Virgin Media asks Ofcom to pause Premier League rights auction

TOP GEAR: Has been at the centre of numerous flashpoints.

VIRGIN Media has asked Ofcom to pause the auction of TV rights for Premier League football.

The telecoms firm has asked for a temporary halt while Ofcom continues its investigation of the auction process, which Virgin claims is in breach of competition law in the UK and EU. Virgin Media’s chief corporate affairs officer Brigitte Trafford said: “The Premier League has pushed ahead with its early sale of TV rights despite Ofcom’s investigation.” With 18 months until those deals begin, there is plenty of time for Ofcom to pause the auction process while it completes its inquiries. Failure to do so will leave fans, who already pay the most to see the least amount of football in Europe, facing yet another big rise in the cost of watching live football on TV.

Virgin claims that Ofcom is empowered to take such measures under the Competition Act 1998 to ‘prevent significant damage to a particular person or category of person,’ suggesting that football fans are the ‘category of person’ in this instance. Virgin Media asked Ofcom in September 2014 to tackle the rising cost of watching televised Premier League football matches in the UK, citing the 1998 legislation. Ofcom opened up its investigation in November. Last month, it emerged that the Premier League had offered a small number of matches to be broadcast live on Friday evenings from 2016.

BBC director-general Tony Hall has defended Top Gear after a string of controversies. Speaking to Radio Times, he said it is “important that the BBC doesn’t have just one voice.”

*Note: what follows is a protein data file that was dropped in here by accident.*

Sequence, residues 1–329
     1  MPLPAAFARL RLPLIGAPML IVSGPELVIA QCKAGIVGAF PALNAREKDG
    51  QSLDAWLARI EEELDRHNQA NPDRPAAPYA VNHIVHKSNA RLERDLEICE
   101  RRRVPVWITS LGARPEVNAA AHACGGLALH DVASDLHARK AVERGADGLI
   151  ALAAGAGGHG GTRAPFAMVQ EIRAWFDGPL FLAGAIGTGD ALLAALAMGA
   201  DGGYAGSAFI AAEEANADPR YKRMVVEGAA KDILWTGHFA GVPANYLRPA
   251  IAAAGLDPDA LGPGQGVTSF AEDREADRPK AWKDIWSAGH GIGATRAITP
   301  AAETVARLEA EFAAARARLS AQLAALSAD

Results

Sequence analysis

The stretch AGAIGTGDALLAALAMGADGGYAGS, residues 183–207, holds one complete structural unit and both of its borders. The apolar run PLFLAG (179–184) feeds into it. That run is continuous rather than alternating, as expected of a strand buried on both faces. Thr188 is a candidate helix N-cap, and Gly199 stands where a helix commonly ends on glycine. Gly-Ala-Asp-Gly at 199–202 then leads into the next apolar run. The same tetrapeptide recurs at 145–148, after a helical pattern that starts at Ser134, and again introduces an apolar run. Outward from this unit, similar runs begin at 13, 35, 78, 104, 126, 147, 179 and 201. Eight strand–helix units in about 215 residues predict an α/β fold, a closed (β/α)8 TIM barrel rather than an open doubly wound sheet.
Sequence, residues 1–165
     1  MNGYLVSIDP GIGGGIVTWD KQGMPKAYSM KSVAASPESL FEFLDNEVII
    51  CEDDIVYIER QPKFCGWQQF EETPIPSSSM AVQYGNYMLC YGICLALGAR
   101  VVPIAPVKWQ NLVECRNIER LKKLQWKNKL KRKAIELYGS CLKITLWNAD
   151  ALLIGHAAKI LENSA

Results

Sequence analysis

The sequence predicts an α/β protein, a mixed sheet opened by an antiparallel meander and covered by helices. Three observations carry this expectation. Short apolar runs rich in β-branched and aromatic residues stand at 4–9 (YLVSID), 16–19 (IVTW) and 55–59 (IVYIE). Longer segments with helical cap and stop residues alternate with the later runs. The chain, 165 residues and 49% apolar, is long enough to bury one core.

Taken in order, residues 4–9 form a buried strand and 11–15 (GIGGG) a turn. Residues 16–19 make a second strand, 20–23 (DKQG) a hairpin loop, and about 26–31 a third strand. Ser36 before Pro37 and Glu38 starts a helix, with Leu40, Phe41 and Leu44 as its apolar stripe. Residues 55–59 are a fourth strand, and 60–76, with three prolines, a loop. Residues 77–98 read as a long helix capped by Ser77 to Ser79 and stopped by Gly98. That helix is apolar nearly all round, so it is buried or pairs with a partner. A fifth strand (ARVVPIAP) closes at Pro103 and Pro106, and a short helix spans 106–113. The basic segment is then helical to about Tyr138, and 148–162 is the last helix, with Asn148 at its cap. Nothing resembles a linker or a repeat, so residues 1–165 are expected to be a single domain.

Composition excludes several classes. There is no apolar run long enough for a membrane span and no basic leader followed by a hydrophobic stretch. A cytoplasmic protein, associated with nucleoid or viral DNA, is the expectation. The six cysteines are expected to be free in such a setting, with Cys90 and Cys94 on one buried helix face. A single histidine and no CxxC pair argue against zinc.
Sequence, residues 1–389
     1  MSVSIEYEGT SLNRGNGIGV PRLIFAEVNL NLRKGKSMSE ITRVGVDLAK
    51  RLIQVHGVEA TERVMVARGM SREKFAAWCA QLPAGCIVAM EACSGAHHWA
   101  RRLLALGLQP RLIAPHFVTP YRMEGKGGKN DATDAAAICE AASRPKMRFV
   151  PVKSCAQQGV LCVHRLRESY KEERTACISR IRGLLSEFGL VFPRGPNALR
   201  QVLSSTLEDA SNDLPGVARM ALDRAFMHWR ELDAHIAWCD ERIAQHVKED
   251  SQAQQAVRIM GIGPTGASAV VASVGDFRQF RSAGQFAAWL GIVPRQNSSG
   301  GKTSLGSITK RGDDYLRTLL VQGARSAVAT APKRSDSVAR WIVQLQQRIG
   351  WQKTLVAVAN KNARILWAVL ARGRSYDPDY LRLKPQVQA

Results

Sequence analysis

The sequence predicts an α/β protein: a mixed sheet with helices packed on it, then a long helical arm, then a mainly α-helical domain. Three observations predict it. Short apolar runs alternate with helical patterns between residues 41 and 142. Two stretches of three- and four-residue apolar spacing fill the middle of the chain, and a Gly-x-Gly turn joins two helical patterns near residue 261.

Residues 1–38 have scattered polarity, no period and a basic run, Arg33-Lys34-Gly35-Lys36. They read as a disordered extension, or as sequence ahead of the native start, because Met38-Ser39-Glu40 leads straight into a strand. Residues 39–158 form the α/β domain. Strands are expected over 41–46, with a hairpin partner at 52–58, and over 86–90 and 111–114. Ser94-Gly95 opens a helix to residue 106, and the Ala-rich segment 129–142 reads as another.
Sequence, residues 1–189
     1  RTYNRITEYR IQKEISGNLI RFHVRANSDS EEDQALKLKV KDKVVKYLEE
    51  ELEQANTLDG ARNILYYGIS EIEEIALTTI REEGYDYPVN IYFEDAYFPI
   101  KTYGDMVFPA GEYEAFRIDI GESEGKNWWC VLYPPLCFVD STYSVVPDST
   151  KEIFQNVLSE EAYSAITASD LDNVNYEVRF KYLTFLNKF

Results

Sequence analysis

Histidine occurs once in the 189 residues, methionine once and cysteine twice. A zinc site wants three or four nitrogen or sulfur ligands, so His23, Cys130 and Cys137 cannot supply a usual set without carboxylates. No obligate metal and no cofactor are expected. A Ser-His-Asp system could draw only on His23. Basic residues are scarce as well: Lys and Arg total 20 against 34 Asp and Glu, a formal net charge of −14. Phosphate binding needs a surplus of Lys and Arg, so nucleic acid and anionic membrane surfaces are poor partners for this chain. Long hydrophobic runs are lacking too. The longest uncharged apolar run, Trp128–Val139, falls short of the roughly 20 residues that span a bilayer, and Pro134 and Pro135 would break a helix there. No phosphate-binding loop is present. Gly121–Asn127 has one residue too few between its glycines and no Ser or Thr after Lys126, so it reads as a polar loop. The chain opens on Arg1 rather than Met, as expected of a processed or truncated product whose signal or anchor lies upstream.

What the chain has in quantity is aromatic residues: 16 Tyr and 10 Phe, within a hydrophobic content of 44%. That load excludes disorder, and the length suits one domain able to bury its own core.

He explained: “It’s a programme loads of people love and it’s important that the BBC doesn’t have just one voice… and I feel this about Top Gear… it’s a different voice… why wouldn’t the BBC represent it on its output and be pleased to have it there?” Over the last 12 months, the motoring show has been at the centre of numerous flashpoints. The cast and crew were recently forced to abandon filming in Argentina after igniting political tensions over the Falklands. Meanwhile, Jeremy Clarkson was also issued a warning by bosses after he was accused of using racist language.

Ofcom later found him guilty of ‘deliberately’ using a ‘pejorative racial term’ on a separate occasion. Hall continued: “My life and the BBC’s life is not to be constantly out of trouble. In a way, we should be awkward, push boundaries with our journalism, our drama, our current affairs, our comedy, our entertainment… having things to say. It’s really important, that’s what people expect of the BBC.”

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